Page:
By 1881, a census shows that the loom shops were no longer in use, and two of the farmers had secondary occupations. John Lord’s other job was working as a clogger and William Greenwood worked as a quarryman. Each of the Greenwood children worked at Heap Cotton Mill when they were old enough, while his wife Betty ran the farm. By 1900, Hartley House had been abandoned as Bury Corporation bought the land for water catchment and, in the 1960s, most of the buildings were demolished. Today the ruins have been consolidated and interpretation boards put in place so that visitors might see the substantial set of remains and understand their various functions.
Follow the path to the farmstead of Lower Ormerods…
Lower Ormerods dates from the 1600s and was owned by the Ormerod family. As the wealthiest family in the area, they also had several other farms dotted about the valley. John, the last of the Ormerods to live there, sold the property in 1746 to move to the Isle of Man. In 1790, we know that the textile entrepreneur, Ellis Ratcliffe, (who was mentioned earlier as living in Grane village) bought the property and added a loom shop at the back of it.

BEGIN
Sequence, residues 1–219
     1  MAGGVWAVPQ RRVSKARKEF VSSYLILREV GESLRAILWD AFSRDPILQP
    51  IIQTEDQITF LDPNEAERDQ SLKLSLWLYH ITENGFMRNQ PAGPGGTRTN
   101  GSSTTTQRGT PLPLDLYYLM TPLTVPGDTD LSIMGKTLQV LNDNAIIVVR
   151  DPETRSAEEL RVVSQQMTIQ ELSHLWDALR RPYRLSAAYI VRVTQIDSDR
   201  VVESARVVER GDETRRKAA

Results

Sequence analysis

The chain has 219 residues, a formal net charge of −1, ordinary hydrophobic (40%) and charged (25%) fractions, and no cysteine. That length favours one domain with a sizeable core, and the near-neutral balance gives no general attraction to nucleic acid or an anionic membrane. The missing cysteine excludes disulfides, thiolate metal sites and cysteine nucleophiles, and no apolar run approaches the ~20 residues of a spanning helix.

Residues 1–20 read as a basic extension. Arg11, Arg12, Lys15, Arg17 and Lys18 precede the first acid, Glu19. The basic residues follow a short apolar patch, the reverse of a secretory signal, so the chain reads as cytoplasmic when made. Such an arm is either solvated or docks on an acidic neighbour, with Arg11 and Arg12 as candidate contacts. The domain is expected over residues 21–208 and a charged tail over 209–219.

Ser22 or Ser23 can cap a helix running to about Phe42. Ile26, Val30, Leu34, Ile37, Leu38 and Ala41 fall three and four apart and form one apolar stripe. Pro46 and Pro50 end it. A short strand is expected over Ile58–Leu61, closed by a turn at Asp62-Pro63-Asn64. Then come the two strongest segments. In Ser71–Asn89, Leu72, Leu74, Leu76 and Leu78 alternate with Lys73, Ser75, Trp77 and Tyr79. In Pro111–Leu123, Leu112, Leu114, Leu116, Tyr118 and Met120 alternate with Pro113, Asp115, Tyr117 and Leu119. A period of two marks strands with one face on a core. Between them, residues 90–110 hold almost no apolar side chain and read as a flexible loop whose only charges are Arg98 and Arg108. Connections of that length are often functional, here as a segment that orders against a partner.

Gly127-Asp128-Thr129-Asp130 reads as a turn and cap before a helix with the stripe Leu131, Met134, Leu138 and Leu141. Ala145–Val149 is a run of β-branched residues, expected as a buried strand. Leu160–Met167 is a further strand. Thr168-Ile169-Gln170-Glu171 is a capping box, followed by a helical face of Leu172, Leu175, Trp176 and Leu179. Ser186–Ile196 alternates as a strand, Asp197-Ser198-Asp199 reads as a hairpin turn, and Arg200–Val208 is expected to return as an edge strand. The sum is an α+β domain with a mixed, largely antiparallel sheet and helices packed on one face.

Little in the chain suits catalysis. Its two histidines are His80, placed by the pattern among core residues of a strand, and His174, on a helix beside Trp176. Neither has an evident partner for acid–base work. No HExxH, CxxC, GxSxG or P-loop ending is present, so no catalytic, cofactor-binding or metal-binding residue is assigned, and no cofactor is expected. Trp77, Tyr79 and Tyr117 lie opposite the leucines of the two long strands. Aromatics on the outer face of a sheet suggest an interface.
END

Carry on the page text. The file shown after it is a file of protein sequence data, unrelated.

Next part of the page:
The site was in the hands of the Kenyon family through much of the 1800s. The Kenyons were initially hand loom weavers, before moving on to work on the power looms at Heap Clough Mill. In 1871 the farm was a mere nine acres, and was owned by John Kenyon. His daughter Alice was the dairymaid, and five members of the family were working at Calf Hey Mill. By the late 1800s, Lower Ormerods was back to being purely an agricultural venture, with the west wing of the buildings being used as cow sheds and the loom shop at the back converted to pig sties. Eventually, the property and land succumbed to the coming of Ogden Reservoir, and the site was abandoned.
Fortunately, the ruins have been stabilised and interpretation has been put in place so that passerbys can understand the site. The blocks for the site were made from local Haslingden Flag Stone. The wall was double-skinned, meaning it had a course of stones on the outside and another on the inside and a layer of rubble in between them. The outer and inner facing sides were ‘dressed’, meaning they were chiselled to give a smoother finish. Larger ‘through-slabs’ would also be used, which stretched from the outer to the inner side of the wall to bond it together. A technique known as ‘water shotting’ was used to prevent wind-blown rain from getting through the outside of the wall and making the interior damp. This involved placing the external stones at an angle so that they sloped downwards and outwards, to enable the rain to run off.